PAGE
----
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Electric toothbrush


An electric toothbrush is a toothbrush that uses electric power to move the brush head, normally in an oscillating pattern, though electric toothbrushes are often called 'rotary' toothbrushes.



Dr. Scott's 'electric' toothbrush

In the late 1800s in the USA, a man named Dr. George A. Scott claimed to invent an "electric" toothbrush.[1] However, unlike actual electronically-powered bristle brushes, Dr. Scott's brush merely sent a strong electrical current through the brush to whoever was using it at the time. The shock was apparently (according to lore of the time) supposed to "promote good health".

Evolution of the modern toothbrush

Although a true electric toothbrush was first conceived in 1880[2] and reliably sold in 1939 (in Switzerland)[3] , it took almost 30 years for the invention to be produced in the USA; the Broxodent[4], was a rotating electric toothbrush introduced by Squibb Pharmaceutical at the centennial of the American Dental Association in 1960. These were initially created for patients with limited motor skills, as well as those with orthodontic patients (such as those with braces). Claims have been made that these are more effective than manual toothbrushes, as it leaves less room for patients to brush incorrectly.

Electric toothbrushes such as those made by Braun, have become increasingly cheap. However, part of this is offset by the (relatively) high retail cost of the disposable brush heads.


The electronic compartments in most of the electronic toothbrushes are completely sealed to prevent water damage. There are no metal contacts. These toothbrushes charge using a technique called inductive charging. In the brush unit is one half of a transformer, and in the charge-unit is the other part of the transformer. When brought together, a varying magnetic field in one coil induces a current in the other coil, thereby allowing for the charging of a battery.

Other electric toothbrushes use replaceable batteries, disposable or rechargeable, storing them in the bottom, generally thicker than a normal toothbrush.


Independent research finds that most electric toothbrushes are no more effective than the manual variety.[4] [5]. The exception is the "rotation-oscillation"-models, including many of the electrical brushes in Braun's Oral B-series[6][7][8], but even this brush performs only marginally better than a regular manual brush. The research done indicates that the way the brushing is performed is of a higher importance than the choice of brush.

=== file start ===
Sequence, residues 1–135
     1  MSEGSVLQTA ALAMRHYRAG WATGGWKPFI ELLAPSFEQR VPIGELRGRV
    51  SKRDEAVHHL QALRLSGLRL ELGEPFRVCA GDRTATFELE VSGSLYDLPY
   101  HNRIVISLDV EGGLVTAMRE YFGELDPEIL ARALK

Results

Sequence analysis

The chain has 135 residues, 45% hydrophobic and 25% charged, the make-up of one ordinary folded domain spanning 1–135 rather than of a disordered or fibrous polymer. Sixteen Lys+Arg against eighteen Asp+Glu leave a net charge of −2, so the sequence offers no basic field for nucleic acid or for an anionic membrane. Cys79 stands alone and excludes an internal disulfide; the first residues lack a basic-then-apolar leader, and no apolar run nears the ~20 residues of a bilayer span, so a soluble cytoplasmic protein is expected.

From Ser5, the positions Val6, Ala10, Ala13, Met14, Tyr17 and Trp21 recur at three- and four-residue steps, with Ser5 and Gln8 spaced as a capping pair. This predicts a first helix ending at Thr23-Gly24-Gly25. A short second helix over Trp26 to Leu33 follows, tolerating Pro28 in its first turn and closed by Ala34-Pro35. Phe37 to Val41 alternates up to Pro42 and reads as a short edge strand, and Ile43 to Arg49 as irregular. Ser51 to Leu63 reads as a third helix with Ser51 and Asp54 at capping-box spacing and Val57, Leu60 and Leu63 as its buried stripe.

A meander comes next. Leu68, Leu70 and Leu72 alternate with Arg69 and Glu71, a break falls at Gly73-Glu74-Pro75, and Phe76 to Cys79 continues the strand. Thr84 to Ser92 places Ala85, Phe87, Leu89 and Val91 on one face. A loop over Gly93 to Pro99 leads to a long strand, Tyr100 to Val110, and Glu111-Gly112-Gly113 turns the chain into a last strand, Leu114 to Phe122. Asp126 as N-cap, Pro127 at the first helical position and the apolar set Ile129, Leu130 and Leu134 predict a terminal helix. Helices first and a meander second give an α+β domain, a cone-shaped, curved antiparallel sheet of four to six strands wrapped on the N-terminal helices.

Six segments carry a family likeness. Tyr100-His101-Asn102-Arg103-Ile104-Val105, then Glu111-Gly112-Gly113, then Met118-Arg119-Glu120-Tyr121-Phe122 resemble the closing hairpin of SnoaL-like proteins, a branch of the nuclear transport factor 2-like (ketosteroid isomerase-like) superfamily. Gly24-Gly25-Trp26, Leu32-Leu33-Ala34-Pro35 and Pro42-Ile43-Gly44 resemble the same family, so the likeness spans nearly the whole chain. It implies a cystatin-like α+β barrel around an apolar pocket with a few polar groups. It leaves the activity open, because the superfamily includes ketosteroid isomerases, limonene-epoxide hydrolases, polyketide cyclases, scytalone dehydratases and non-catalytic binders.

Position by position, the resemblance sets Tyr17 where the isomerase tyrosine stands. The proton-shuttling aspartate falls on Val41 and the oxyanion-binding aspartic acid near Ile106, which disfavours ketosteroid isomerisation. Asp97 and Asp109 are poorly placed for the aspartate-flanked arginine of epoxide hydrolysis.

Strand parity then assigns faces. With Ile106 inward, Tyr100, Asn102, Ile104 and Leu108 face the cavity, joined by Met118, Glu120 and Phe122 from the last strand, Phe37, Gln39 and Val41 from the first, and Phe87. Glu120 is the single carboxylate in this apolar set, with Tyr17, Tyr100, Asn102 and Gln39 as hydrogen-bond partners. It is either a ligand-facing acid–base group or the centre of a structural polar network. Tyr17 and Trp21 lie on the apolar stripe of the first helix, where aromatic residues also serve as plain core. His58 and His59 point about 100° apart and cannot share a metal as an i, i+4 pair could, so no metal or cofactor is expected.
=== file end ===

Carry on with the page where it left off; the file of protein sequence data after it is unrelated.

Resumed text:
For people who for various reasons have problems with the physical work of brushing (i.e. people with arthritis and elderly people), electric brushes help.

Someone who has started to take cleaning his or her teeth more seriously may well improve technique and at the same time decide on the purchase of an electric toothbrush - hence the purchase can be an effect rather than a cause.

If the brusher enjoys brushing better with an electric toothbrush and brushes with it more carefully, more often, or for the proper amount of time because of its use, then it can significantly improve oral hygiene by improving compliance with recommendations.

Different kind of brushes

The Cochrane study[8] separated the electrical toothbrush designs into:

  • side-to-side
  • circular
  • ultra-sonic vibration, like the Sonicare manufactured by Philips - which claims to have a secondary cleaning action caused by vibrating saliva[9]
  • rotation-oscillation in which a circular head spins back and forth in quick bursts - like many of Braun's Oral B-brushes.
  • counter oscillation, in which tufts of bristles rotate in different directions simultaneously


  1. ^ American Artifacts - Dr. Scott's Quack Electric Devices
  2. ^ Academy of General Dentistry - Dental advances
  3. ^ - Toothbrush History
  4. ^ [1] Robinson PG, Deacon SA, Deery C, Heanue M, Walmsley AD, Worthington HV, Glenny AM, and Shaw WC. Manual versus powered toothbrushing for oral health. Cochrane Database of Systematic Reviews 2007 Issue 4
  5. ^ [2] Deery C, Heanue M, Deacon S, Robinson PG, Walmsley AD, Worthington H, Shaw W, Glenny AM. The effectiveness of manual versus powered toothbrushes for dental health: a systematic review. Journal of Dentistry. Volume 32, Issue 3, March 2004, Pages 197-211
  6. ^ Thumbs down for electric toothbrush - BBC News
  7. ^ [3] Penick, Catherine (2004) Power toothbrushes: a critical review - International Journal of Dental Hygiene 2 (1), 40-44. doi: 10.1111/j.1601-5037.2004.00048.x
  8. ^ a b Manual versus powered tooth brushing for oral health. Commentary
  9. ^ Sonicare ® toothbrushes : How do sonic toothbrushes work?
This article is licensed under the GNU Free Documentation License. It uses material from the Wikipedia article "Electric_toothbrush". A list of authors is available in Wikipedia.
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